William moves Sugar into her own apartments,where she continues to write and advise him on the running of the factory. Whilst he is in Glasgow on business,she goes alone to the opera,where she meets ...
A young woman moves to 17th century Amsterdam and hires a mysterious local miniaturist to furnish the dollhouse she received from her merchant husband as present, but the lifelike miniatures somehow start eerily foreshadowing her fate.
Set in Victorian London, Gwendolen Harleth is drawn to Daniel Deronda, a selfless and intelligent gentleman of unknown parentage, but her own desperate need for financial security may destroy her chance at happiness.
Orphaned by smallpox, young Lancashire country lady Fanny Hill cheerfully accepts her friend Esther Davies's offer to join the London 'working girls' with Mrs. Brown, a madam who recruits ... See full summary »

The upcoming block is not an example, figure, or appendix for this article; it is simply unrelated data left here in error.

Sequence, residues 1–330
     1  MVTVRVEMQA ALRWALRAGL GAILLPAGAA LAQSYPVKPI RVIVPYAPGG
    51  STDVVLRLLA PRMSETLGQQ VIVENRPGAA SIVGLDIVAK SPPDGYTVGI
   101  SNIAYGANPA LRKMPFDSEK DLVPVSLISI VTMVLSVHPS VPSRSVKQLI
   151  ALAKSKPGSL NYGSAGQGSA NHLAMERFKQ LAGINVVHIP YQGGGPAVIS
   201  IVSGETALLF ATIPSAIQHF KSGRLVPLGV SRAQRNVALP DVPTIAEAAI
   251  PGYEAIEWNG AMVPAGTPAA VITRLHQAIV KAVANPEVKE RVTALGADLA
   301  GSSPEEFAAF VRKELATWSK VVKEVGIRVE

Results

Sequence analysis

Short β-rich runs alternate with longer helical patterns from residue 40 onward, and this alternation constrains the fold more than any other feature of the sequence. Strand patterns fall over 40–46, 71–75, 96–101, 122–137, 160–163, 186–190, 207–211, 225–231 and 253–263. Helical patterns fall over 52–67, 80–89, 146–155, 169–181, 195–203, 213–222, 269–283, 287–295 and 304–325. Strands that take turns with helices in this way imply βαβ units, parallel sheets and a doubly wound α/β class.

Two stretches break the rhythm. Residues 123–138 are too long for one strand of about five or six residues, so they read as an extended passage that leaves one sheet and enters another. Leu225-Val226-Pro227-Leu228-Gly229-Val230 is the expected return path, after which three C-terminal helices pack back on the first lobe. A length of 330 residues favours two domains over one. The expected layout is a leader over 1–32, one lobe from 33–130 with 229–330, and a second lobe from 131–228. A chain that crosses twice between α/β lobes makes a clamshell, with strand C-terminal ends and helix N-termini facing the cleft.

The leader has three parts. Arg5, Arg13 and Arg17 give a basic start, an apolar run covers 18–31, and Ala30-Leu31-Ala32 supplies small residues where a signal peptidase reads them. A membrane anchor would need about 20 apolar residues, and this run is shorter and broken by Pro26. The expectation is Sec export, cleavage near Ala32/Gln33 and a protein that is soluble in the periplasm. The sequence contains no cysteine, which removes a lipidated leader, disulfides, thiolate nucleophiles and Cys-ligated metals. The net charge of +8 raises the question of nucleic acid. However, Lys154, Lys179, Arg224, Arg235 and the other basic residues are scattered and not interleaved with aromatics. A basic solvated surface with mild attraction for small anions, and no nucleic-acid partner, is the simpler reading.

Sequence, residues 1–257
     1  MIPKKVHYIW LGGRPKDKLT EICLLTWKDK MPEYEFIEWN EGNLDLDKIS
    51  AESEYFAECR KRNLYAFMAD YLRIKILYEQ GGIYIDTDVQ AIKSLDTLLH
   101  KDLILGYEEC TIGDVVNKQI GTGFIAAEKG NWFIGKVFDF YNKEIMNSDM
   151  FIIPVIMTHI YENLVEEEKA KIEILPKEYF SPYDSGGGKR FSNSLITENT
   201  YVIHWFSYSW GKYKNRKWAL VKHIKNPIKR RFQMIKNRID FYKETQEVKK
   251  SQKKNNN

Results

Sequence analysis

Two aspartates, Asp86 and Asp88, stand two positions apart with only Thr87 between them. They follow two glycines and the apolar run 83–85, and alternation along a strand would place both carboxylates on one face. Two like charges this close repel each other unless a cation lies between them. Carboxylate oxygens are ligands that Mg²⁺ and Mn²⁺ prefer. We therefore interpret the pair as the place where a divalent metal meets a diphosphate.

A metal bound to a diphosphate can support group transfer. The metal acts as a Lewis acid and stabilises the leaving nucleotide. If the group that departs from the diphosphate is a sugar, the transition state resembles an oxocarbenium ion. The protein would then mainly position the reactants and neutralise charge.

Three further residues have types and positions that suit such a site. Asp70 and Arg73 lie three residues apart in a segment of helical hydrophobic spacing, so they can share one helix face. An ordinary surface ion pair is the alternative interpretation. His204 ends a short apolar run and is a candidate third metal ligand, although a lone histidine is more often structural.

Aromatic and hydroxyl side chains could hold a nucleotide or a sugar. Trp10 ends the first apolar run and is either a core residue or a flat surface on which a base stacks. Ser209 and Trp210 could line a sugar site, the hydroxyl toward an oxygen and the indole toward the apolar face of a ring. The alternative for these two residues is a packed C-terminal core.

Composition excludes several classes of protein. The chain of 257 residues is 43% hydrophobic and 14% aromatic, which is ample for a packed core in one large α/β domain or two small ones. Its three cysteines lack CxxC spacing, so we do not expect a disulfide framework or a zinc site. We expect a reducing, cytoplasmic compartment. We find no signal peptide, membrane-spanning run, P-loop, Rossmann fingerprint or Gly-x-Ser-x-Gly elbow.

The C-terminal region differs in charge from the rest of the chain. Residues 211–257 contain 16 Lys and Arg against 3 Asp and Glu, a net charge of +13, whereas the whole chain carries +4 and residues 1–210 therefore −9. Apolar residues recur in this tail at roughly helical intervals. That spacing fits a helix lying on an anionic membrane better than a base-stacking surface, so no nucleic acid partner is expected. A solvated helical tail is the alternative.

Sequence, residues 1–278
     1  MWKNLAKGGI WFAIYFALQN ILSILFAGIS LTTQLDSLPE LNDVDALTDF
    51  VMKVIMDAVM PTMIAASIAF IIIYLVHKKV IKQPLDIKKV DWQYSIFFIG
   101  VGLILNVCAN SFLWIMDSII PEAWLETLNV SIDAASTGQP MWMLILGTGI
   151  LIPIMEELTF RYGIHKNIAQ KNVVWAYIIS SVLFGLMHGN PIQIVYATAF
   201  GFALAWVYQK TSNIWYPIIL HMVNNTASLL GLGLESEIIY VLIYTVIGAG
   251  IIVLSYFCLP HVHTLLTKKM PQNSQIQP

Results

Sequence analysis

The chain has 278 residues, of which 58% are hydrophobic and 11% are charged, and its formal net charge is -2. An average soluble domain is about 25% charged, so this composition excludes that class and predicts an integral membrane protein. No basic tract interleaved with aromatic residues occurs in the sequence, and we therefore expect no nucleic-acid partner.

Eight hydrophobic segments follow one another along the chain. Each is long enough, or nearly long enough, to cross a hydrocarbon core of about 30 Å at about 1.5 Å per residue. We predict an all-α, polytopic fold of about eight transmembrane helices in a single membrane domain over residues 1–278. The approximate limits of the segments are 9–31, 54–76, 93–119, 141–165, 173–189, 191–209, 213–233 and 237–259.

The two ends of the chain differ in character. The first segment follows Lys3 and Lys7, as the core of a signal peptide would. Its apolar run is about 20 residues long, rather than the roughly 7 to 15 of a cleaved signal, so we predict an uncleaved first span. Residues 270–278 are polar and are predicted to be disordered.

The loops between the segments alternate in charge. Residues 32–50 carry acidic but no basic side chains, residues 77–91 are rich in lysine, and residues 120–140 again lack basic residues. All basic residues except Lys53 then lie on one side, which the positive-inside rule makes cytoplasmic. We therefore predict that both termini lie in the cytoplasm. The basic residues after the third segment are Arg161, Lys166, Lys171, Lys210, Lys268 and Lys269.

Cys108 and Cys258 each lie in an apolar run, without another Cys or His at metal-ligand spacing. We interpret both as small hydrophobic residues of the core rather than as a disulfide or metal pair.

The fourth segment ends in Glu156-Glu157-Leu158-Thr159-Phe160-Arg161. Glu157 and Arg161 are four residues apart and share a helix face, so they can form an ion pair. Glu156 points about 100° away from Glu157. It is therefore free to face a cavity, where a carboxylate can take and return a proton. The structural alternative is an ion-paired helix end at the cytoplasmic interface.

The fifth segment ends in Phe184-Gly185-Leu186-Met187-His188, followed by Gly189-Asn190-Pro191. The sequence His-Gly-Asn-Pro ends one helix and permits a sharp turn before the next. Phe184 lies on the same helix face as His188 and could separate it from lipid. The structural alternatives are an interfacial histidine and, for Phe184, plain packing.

This mini-series tells the story of Amy Dorrit, who spends her days earning money for the family and looking after her proud father, who is a long term inmate of Marshalsea debtors' prison ... See full summary »
I rarely write reviews. However...within two episodes, the BBC licence this year has been worth paying. And with gratitude. Quite fond of a Victorian drama, everything about this series is magnificent. The detail–underarm hair on women, the ugly charm of London in the nineteenth century, the wide open shots of the streets simply for a scene where one woman walks across the road–offering a tantalising view that the viewer could actually be there, the lighting, the makeup, the production, the acting, the direction... I did not recognise Gillian Anderson at all and had to refer to my paper. How far she has come. Chris O'Dowd I thought was an odd choice to begin with–but how he fitted in. Robert Sterne has to be congratulated. It is without a shadow of a doubt that the next two episodes will not disappoint. I must rush out and buy the book. First class.
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